The drive through the unlit streets of Kathmandu from the airport to the Yak and Yeti hotel in the wee hours were filled with people preparing for the Shiva festival during upcoming weekend. Both sides of the streets were lit with fire, keepings residents warm while shining light on wares for the street vendors.
As we plowed into the hotel we were greeted by uniquely hospitable guards and hotel clerks. A message from the Vice President of the Society, Bishwas, warmed us up and we knew our educational mission was going to be a smashing success.
During our first day in Kathmandu we made short excursions to the town to sightsee and enjoy local cuisine. For those who may be venturing to Kathmandu in the future, our team recommends China Room and Mount Everest Steakhouse as fantastic restaurants. While waiting for the NYSORA international collaborators to arrive from their respective homes in Australia, Belgium, Nepal, Singapore, Spain, Switzerland, and the United States, we met with the leadership of the Nepalese Society of Anesthesiologists and worked out the details of workshop strategy, organization and models and equipment. Once reassured that all details were in place, it was time to unwind over a couple of drinks at the lobby bar filled with the cacophony of diverse international languages. As the NYSORA Didactic program began, the shyness of local delegates, instructed by some of the very key international opinion leaders, gave way to spontaneity. The Nepalese delegates openly discussed case scenarios and solicited perioperative management strategies.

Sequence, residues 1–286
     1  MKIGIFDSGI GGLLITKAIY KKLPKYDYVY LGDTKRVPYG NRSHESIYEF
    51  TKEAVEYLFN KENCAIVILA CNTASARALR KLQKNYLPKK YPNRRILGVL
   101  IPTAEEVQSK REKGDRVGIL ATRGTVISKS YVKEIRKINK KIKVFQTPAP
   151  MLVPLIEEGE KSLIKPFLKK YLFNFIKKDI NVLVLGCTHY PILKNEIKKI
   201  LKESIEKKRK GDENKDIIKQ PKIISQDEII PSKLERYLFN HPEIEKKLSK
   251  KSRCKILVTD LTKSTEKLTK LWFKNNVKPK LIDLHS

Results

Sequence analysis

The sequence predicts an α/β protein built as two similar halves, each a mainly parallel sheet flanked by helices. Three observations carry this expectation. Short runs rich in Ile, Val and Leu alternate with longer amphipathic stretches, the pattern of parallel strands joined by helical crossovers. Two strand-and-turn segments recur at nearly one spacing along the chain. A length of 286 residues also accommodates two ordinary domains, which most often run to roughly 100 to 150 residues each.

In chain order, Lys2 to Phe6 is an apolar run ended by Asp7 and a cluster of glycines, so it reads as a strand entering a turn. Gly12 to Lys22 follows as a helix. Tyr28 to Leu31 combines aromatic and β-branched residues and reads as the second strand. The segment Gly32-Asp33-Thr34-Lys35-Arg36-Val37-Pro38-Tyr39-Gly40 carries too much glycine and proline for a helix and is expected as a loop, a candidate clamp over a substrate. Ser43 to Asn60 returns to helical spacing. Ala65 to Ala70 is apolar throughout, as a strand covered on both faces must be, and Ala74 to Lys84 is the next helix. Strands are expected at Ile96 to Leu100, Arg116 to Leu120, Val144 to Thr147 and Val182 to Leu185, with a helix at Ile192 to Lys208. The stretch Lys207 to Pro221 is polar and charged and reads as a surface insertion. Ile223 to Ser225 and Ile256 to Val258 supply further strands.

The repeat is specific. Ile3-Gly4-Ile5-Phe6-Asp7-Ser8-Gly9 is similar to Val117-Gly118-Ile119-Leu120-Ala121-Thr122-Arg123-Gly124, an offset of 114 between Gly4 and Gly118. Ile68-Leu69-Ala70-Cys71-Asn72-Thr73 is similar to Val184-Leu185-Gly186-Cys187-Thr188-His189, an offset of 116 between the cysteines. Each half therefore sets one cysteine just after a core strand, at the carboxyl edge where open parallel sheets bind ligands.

Opening ceremony by the Society of Anesthesiologists of Nepal.